Question: Organizing tools/ software
1
gravatar for shibl_a
12 weeks ago by
shibl_a10
shibl_a10 wrote:

I constantly download tools and programs to work with. I don't want to have to create a new PATH every time. How can I organize ALL my tools/ programs/ scripts (old and new) into one place so that I don't have to worry about running commands from anywhere on my terminal? any ideas?

software error • 266 views
ADD COMMENTlink modified 12 weeks ago by kloetzl990 • written 12 weeks ago by shibl_a10

How is this a software error? Please use logical tags.

ADD REPLYlink written 12 weeks ago by WouterDeCoster35k

Thank you for your suggestion. It was the closest I could find to describe my question. If there were other tags I would've used them.

ADD REPLYlink written 12 weeks ago by shibl_a10

You can just use whatever you want as a tag and don't have to use the suggestions.

ADD REPLYlink written 12 weeks ago by WouterDeCoster35k

I actually enjoy installing and organising these programs but I never store their location in my PATH (a few rare exceptions). I use them with the absolute paths in all scripts and rely on an initial well-organised file system to avoid headaches later down the line.

ADD REPLYlink written 12 weeks ago by Kevin Blighe33k
3
gravatar for kloetzl
12 weeks ago by
kloetzl990
European Union
kloetzl990 wrote:

Personally, I try to avoid make install from any software like the plague. Usually, I forget about the software so it just ends up filling my disk space and leading to other issues (not receiving any updates etc.). Instead these days I have a directory with a bunch of 3rd party software source files (commonly also git repo clones). There I build the tools and have a symbolic link from $HOME/bin to each tool with $HOME/bin being in my $PATH. That way uninstalling is easy, updating is easy (git pull && make), and I even have the source code at hand if I stumble upon a bug. This scheme is almost as good as making my own package via makepkg or smthn similar.

ADD COMMENTlink modified 12 weeks ago • written 12 weeks ago by kloetzl990

I use this slightly modified: $HOME/usr and ./configure --prefix=$HOME/usr or make --prefix=$HOME/usr. This way I can safely execute make install and keep source and binaries separated.

The advantage is that all (bin, lib, man, etc...) will end up in $HOME/usr. The disadvantage is that you'd still have to link each executable to one folder that you add to you're path. Or add each path in $HOME/usr/bin to your profile/bashrc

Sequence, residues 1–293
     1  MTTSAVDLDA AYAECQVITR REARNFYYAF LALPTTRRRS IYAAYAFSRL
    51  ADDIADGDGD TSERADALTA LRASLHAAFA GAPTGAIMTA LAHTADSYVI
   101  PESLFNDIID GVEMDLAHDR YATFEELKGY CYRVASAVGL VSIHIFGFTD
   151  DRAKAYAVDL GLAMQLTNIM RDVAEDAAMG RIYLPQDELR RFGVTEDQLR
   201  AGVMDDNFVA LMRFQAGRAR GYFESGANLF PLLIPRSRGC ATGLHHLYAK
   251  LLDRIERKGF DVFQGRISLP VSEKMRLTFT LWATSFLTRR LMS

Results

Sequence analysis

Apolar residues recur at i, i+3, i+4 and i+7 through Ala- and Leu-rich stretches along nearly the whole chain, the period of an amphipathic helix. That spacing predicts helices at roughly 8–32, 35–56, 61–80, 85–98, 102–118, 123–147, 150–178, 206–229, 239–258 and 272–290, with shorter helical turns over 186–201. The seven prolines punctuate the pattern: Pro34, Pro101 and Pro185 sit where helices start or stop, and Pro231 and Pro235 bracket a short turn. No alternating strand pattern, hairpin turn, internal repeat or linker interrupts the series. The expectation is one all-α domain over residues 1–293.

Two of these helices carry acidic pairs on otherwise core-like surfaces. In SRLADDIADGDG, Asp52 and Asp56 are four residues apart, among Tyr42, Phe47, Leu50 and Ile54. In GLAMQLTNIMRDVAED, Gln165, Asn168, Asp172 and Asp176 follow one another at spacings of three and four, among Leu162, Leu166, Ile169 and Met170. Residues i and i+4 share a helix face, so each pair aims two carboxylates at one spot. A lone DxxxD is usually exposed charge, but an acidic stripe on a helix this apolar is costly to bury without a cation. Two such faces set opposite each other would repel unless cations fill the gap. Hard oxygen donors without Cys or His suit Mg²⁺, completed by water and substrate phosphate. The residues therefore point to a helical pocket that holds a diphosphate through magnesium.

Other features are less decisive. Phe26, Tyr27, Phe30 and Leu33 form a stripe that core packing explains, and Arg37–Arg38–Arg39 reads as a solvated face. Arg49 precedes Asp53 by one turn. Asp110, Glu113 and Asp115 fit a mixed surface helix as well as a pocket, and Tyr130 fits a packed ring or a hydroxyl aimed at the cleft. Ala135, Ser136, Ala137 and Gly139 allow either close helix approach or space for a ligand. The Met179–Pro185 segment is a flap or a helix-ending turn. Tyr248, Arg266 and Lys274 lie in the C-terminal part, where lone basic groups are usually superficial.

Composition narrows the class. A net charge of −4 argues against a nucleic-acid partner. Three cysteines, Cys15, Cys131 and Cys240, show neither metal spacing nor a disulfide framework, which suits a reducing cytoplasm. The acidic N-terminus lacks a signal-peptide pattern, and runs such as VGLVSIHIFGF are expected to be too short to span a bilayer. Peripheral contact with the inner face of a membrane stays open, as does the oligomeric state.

ADD REPLYlink written 12 weeks ago by Carambakaracho660
3
gravatar for Antonio R. Franco
12 weeks ago by
Spain. Universidad de Córdoba
Antonio R. Franco3.9k wrote:

If working with Linux, copy the binaries in a path included into your path. I use to use /usr/local/bin You need to be superuser to be able to do it

Another possibiity is to add the export PATH command in a file such as .bashrc that is read every time you initiate Linux.

ADD COMMENTlink modified 12 weeks ago • written 12 weeks ago by Antonio R. Franco3.9k
3
gravatar for cpad0112
12 weeks ago by
cpad011210k
India
cpad011210k wrote:

Use tools like conda, docker to manage software installations. Containerized software is better for version management and reproducibility of workflows

ADD COMMENTlink modified 12 weeks ago • written 12 weeks ago by cpad011210k

Hi- I'm not very familiar with docker and friends (they have been on my todo list for quite a while...). Are you suggesting that every time you start a new project you should create a docker instance with all the necessary tools in it (like bwa, bedtools, R & packages, custom scripts etc)? Then when the project is finished you distribute the docker container?

ADD REPLYlink written 12 weeks ago by dariober9.8k

I like the idea of being able to have everything I need for a project in one place. I'll check out docker. Thanks for the inspiration.

ADD REPLYlink written 12 weeks ago by shibl_a10

Containerized software is better for version management and reproducibility of workflows

That really depends on the person and how organised they are.

ADD REPLYlink written 12 weeks ago by Kevin Blighe33k
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